The Atlantic slave trade or transatlantic slave trade took place across the Atlantic Ocean from the 16th through to the 19th centuries. The vast majority of slaves transported to the New World wereAfricans from the central and western parts of the continent, sold by Africans to European slave traders who then transported them to North and South America. The numbers were so great that Africans who came by way of the slave trade became the most numerous Old-World immigrants in both North and South America before the late 18th century. The South Atlantic economic system centered on making goods and clothing to sell in Europe and increasing the numbers of African slaves brought to the New World. This was crucial to those European countries which, in the late seventeenth and eighteenth centuries, were vying with each other to create overseas empires.
The Portuguese were the first to engage in the New World slave trade, and others soon followed. Slaves were considered cargo by the ship owners, to be transported to the Americas as quickly and cheaply as possible, there to be sold to labour in coffee, tobacco, cocoa, cotton and sugar plantations, gold and silver mines, rice fields, construction industry, cutting timber for ships, and as house servants. The first Africans imported to the English colonies were also called "indentured servants" or "apprentices for life". By the middle of the 17th century, they and their offspring were legally the property of their owners. As property, they were merchandise or units of labour, and were sold at markets with other goods and services.
The Atlantic slave traders, ordered by trade volume, were: the Portuguese, the British, the French, the Spanish, the Dutch, and the Americans. They had established outposts on the African coast where they purchased slaves from local African tribal leaders. Current estimates are that about 12 million were shipped across the Atlantic, although the actual number purchased by the traders is considerably higher.
The slave trade is sometimes called the Maafa by African and African-American scholars, meaning "great disaster" in Swahili. Some scholars, such as Marimba Ani and Maulana Karenga, use the terms "African Holocaust" or "Holocaust of Enslavement".
The Arab slave trade was the practice of slavery in the Arab world, mainly in Western Asia, North Africa, Southeast Africa, the Horn of Africa and certain parts of Europe(such as Iberia and Sicily) during their period of domination by Arab leaders. The trade was focused on the slave markets of the Middle East, North Africa and the Horn of Africa. People traded were not limited to a certain race, ethnicity, or religion.
During the 8th and 9th centuries of the Fatimid Caliphate, most of the slaves were Europeans (called Saqaliba) captured along European coasts and during wars. However, slaves were drawn from a wide variety of regions and included Mediterranean peoples, Persians, peoples from the Caucasus mountain regions (such as Georgia, Armenia andCircassia) and parts of Central Asia and Scandinavia, English, Dutch and Irish, Berbers from North Africa, and various other peoples of varied origins as well as those of African origins.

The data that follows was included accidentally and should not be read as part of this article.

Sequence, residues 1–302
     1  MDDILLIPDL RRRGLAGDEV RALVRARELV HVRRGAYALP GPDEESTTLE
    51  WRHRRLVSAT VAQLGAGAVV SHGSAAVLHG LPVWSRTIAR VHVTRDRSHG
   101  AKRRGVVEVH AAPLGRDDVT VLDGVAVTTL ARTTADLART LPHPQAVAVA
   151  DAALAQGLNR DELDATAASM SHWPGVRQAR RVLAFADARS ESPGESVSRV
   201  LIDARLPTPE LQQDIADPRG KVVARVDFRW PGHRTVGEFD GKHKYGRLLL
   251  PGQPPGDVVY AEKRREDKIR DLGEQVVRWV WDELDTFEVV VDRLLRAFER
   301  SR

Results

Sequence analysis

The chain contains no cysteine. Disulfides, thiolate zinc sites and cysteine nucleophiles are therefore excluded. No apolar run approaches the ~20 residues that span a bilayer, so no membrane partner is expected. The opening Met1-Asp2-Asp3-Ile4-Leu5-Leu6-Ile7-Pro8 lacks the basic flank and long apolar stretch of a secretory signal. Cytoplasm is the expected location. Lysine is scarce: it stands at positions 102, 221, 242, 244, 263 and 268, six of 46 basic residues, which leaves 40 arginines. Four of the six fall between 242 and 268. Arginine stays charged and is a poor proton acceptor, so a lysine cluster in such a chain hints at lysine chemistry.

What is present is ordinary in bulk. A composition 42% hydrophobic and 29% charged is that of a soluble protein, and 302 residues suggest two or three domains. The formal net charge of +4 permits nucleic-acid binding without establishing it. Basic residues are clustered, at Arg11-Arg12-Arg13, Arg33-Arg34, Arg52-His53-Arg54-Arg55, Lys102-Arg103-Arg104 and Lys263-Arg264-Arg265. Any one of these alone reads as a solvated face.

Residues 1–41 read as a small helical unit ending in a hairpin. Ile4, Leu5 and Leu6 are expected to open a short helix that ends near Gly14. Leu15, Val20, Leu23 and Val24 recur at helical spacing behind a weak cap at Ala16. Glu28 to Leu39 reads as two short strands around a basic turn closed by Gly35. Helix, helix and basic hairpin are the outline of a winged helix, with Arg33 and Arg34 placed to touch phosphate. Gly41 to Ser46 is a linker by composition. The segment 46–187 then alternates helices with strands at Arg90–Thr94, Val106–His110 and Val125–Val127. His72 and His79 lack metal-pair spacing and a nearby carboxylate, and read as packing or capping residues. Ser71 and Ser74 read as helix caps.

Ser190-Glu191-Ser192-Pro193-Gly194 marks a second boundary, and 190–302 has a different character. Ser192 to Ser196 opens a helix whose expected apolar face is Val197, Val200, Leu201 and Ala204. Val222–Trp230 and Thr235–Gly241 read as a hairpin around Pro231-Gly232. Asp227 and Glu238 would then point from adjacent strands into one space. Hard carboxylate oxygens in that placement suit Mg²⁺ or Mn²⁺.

Like their Christian and Muslim neighbors, the Jewish people historically owned and traded in slaves. In the middle ages, Jews were minimally involved in slave trade. During the 1490s, trade with the New World began to open up. At the same time, the monarchies of Spain and Portugal expelled all of their Jewish subjects. Several scholarly works have been published to rebut the antisemitic canard of Jewish domination of the slave trade in Medieval Europe, Africa, and/or the Americas, and that Jews had no major or continuing impact on the history of New World slavery. They possessed far fewer slaves than non-Jews in every British territory in North America and the Caribbean, and in no period did they play a leading role as financiers, shipowners, or factors in the transatlantic or Caribbean slave trades.
It is currently known that American mainland colonial Jews played a merely proportionate role in the importation of slaves from Africa and a marginal role as slave sellers, although their involvement in the Brazilian and Caribbean trade is believed to be considerably more significant. Jason H. Silverman, a historian of slavery, describes the part of Jews in slave trading in the southern United states as "minuscule", and writes that the historical rise and fall of slavery in the United States would not have been affected at all had there been no Jews living in the American South. Jews accounted for 1.25% of all Southern slave owners, and were not significantly different from other slave owners in their treatment of slaves.
It is no secret that Atlantic Slave Trade was fueled by Christian slavers from Europe and Arab Slavers from North Africa and the Middle East who were Muslim and the Jewish slavers. I am not going repeat myself regarding the religion aspects of all three because it can be researched on the internet. However these three religions are responsible for the slavery of Africans. And that's the bottom line. But!